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The Joys of Moth-ing

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Logo: Butterfly Conservation

By Dr Zoe Randle, Senior Surveys Officer

Canary shouldered thorn (Iain Leach)
Canary shouldered thorn (Iain Leach)

Moth Night is the annual celebration of moths and moth recording. It is organised by Atropos, Butterfly Conservation and the UK Centre for Ecology & Hydrology. The arrival of Moth Night every year (this year from 27 – 29 August) serves as a timely reminder of the joy to be had in moth-ing and also of just how easy it can be to study these amazing creatures. The great appeal of moth recording is that you don’t have to go anywhere in particular to find numerous species. An average garden can be home to a couple of hundred species. How can you find out if you have Elephants and Tigers in your garden? Simply start moth-ing…and what better time to do it? Recently along with the Big Butterfly Count, we have had National Moth Week, a global citizen science initiative which launched on 18 July and now Moth Night, the annual celebration of moth recording, and throughout Britain and Ireland which runs from 27th to 29th August 2020.

How to start moth-ing

During Moth Night people are encouraged to get out and have a look for moths to appreciate the diversity and value of these amazing creatures. The best way to observe moths in your garden is by running a moth trap but there are simpler ways which don’t require special equipment. Dusking is a great way to start moth-ing, all you need to do is search flowering plants with a torch for an hour or two after dusk. Alternatively, try leaving an outside or porch light on after dark, and look for moths on lighted windows or lit walls and fences. A white sheet hanging up with a bright torch shining on it can also be effective.

If you decide a trap is the way forward, then there are several trap type and bulb type options available from the various entomological equipment suppliers.

Below is a short video of Zoe opening a moth trap

Elephant hawk moth (Richard Szczygiel)
Elephant hawk moth (Richard Szczygiel)

Everyone has their own personal favourite time of the year for moths and moth recording. Mine is summer when some of the most beautiful species are on the wing. Elephant Hawk-moth is still around, this stunning pink and olive green moth is always a crowd pleaser and completely dispels the myth that moths are boring brown creatures! The Elephant Hawk-moth is widespread across England, Wales, the Isle of Man and Ireland. Since the 1980s, this species has expanded its range northwards in Scotland. In terms of distribution the species has a positive trend increasing its distribution by 147% since 1970. This species also has the most incredible caterpillars which can be seen from late June through to September. The caterpillars feed on willowherbs and fuchsias and are most often encountered when they are looking for somewhere to pupate, or when resting on stems in good weather, as they are very large, with noticeable eye markings.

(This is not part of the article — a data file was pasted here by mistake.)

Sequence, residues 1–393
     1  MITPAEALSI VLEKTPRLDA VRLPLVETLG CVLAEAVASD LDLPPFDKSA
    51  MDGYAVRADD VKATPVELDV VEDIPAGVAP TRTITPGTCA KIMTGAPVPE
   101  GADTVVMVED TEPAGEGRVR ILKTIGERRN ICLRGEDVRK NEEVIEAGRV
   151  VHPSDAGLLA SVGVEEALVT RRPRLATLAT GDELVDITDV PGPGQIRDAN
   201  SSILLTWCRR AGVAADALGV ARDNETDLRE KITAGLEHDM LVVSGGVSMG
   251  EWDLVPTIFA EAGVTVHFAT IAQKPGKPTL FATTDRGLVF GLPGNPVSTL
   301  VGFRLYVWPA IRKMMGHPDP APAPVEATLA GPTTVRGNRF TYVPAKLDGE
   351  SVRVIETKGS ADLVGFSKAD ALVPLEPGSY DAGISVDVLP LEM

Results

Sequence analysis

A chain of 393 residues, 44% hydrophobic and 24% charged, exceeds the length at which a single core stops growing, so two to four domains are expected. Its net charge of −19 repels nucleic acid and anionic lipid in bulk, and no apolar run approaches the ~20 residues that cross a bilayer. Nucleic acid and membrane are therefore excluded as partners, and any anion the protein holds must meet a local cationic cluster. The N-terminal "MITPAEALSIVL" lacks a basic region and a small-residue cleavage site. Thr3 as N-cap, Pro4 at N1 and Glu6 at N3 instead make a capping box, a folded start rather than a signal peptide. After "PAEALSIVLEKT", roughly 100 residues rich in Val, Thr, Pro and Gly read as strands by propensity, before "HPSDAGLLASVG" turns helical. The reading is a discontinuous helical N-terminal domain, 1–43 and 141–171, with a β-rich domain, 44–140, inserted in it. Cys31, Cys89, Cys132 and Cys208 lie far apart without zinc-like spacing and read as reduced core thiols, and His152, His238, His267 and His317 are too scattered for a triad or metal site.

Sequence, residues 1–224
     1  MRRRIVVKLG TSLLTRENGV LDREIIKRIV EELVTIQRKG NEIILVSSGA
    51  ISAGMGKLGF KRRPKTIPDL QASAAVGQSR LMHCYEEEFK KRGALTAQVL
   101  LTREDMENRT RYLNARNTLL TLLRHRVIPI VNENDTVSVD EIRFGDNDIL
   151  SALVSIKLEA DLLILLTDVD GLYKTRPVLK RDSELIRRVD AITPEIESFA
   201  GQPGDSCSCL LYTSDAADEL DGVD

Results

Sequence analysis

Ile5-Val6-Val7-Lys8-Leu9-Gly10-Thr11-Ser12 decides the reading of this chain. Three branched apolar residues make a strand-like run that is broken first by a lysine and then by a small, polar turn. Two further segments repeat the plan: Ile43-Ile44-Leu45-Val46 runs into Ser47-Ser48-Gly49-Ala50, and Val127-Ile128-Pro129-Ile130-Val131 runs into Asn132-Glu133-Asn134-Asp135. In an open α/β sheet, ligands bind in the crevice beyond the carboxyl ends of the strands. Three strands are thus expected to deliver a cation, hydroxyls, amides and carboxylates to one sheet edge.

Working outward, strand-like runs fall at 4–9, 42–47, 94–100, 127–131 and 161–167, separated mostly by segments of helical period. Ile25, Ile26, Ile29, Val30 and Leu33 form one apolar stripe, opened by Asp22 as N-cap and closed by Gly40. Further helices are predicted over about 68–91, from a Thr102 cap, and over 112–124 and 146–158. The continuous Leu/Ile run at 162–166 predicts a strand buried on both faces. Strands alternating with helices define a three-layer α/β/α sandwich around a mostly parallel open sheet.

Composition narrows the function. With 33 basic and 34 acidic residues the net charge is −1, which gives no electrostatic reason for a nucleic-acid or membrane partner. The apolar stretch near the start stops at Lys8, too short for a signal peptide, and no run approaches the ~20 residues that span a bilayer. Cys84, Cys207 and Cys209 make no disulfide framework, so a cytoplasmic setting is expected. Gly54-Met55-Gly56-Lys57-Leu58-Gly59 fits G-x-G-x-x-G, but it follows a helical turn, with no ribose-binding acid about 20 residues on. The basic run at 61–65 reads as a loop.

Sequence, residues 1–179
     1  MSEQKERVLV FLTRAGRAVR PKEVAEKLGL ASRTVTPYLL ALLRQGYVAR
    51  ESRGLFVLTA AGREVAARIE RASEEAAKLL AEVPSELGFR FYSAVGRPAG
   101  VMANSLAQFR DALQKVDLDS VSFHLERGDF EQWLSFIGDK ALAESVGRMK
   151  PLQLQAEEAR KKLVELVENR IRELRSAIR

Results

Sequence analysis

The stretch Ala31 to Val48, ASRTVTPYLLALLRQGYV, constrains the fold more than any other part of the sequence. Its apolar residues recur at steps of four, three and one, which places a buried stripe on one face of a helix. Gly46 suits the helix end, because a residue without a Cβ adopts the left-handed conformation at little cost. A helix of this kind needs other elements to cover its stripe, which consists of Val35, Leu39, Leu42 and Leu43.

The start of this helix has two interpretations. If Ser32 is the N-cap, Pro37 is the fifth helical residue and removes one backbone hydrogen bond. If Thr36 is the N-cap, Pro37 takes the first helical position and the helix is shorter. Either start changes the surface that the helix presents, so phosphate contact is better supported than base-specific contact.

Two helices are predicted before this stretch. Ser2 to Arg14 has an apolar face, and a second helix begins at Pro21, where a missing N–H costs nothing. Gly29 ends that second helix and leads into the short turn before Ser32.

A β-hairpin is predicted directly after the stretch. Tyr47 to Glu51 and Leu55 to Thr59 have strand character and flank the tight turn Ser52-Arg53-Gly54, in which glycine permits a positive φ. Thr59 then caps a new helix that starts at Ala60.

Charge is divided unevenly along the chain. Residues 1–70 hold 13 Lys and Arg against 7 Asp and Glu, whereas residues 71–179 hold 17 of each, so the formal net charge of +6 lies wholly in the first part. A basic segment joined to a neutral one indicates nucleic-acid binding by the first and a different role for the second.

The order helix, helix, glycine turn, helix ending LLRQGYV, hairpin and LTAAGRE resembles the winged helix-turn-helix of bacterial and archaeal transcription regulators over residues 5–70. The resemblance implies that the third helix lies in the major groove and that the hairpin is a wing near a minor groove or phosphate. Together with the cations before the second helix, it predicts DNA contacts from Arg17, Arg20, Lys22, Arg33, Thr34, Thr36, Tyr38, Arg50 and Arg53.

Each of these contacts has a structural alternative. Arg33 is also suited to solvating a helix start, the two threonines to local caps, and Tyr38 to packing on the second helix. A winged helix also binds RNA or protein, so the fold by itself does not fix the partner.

It is this time of year when we often see an increase in numbers of Silver Y moth as they migrate to our shores from the continent. The arrival of Silver Y to Britain and Ireland is considerably earlier now than it was in the 1970s. This species is a true migrant spreading northwards each year to breed across Britain and Ireland with the offspring returning to warmer parts of Europe. As with Painted Lady butterflies and Humming-bird Hawk-moths this species occasionally has bumper years and arrives as a massive influx, for example, in August 1996 around 3 million per hour were recorded on Shetland.